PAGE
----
QUARTERLY INVESTMENT STRATEGY: EMERGING MARKETS OUTLOOK
After having been overly optimistic on the emerging world for much of the past five years, the consensus has finally given in. China has been at the root of recent concerns. Its slowdown and, just as importantly, shift away from investment-intensive growth have led to a reassessment of the prospects for many other emerging economies, particularly commodity producers.
IN A NUTSHELL
- Chinese-driven concerns have put the final nail in the coffin of optimistic consensus expectations for emerging world growth.
- Fears of a systemic crisis and widespread growth collapse appear, however, misplaced – in many countries a combination of low inflation and loose monetary policy policies is supporting consumption.
- China’s transition continues, with services and retail sales now accounting for 45-50% of the economy.
For sure, the emerging world is facing a prolonged period of slower growth and several countries are in for painful structural adjustments. But fears of a systemic crisis and widespread growth collapse seem exaggerated.
Commodity-exporting countries are under the most pressure. Terms of trade have also now fallen below the 2008 crisis low, which does not bode well for balance of payments stability and warns of a potential deterioration in foreign exchange reserves (already visible in countries such as Brazil and Columbia).
At the same time though, consumers across much of the emerging world, particularly Asia, continue to benefit from low inflation and loose monetary policies – trends that are likely to persist during coming months. Debt burdens in most emerging economies have also fallen and become more manageable.
Turning to China, we remain of the view that its economic transition will continue, translating into a slowdown but not a hard landing. 2016 growth should be slightly lower than in 2015, but still above potential. Offsetting the industrial slowdown will be the consumer, witness strong retail sales and a solid labour market, and the government, determined to support the economy with both fiscal and monetary stabilisers. This is not to say that China faces no headwinds. The country clearly needs to address the slowing manufacturing trend, the loss of competitiveness from higher wages and a rising currency, as well as the large excess capacities following years of over-investment.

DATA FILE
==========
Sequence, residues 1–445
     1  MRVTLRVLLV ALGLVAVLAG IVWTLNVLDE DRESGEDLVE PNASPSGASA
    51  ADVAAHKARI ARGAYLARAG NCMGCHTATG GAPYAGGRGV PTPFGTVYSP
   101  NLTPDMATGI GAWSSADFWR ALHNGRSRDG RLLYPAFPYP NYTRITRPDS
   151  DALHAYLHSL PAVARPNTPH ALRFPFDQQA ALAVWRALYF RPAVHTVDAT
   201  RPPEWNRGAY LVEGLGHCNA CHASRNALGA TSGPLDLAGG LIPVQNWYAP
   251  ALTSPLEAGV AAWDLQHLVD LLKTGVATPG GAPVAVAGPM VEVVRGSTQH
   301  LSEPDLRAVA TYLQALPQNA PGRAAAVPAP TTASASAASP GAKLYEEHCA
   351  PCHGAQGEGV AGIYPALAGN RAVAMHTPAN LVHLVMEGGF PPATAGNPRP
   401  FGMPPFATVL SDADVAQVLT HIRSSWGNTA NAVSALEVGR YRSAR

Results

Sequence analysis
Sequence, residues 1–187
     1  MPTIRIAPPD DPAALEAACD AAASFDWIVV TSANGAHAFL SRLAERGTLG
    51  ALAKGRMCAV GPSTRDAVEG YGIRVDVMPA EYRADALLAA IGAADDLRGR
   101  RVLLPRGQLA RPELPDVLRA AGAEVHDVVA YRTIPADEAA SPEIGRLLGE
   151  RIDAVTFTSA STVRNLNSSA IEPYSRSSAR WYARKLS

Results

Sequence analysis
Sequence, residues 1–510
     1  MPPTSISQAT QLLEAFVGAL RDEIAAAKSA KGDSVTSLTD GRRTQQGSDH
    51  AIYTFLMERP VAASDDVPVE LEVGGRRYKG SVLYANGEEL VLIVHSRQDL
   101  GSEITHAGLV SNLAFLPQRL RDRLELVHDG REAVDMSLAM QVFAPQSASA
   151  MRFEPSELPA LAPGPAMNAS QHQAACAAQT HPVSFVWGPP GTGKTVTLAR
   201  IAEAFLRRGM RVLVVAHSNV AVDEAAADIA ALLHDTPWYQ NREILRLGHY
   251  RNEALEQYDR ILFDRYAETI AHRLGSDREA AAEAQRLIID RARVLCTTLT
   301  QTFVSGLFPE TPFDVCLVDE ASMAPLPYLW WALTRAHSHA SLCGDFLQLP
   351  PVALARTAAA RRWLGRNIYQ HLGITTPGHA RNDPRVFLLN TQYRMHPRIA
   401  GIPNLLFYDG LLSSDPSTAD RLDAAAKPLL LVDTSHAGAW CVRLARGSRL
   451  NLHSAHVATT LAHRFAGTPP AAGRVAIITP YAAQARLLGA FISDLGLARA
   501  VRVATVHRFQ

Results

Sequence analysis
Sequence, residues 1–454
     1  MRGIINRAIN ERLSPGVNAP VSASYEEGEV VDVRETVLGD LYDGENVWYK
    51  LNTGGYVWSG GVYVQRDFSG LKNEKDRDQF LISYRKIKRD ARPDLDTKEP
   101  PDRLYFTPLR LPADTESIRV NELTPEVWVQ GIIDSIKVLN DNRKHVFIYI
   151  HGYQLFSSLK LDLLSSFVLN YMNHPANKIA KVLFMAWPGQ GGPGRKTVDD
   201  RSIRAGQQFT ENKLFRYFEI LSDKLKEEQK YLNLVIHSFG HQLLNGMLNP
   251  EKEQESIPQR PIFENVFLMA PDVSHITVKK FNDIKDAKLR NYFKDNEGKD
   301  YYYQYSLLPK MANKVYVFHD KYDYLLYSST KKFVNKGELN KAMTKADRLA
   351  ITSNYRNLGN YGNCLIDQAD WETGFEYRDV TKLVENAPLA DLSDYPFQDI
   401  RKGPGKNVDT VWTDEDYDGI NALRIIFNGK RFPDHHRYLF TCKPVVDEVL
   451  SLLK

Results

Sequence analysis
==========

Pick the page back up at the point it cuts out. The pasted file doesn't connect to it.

The main risk for China would be a return to its old growth model, as this would in effect mean a failure to transition from an emerging to a developed economy. Such a scenario could occur in the event of an uncontrolled manufacturing sector collapse, a sharply weakening consumer, or heightened geopolitical tensions in the region.
The tertiary sector, i.e. mainly services, and retail sales now represent between 45 and 50% of the Chinese economy. The labour market is also looking robust with a high job vacancies to job seekers ratio. Finally, the renminbi has strengthened substantially, in what is probably the most obvious symptom of the Chinese economic transition.
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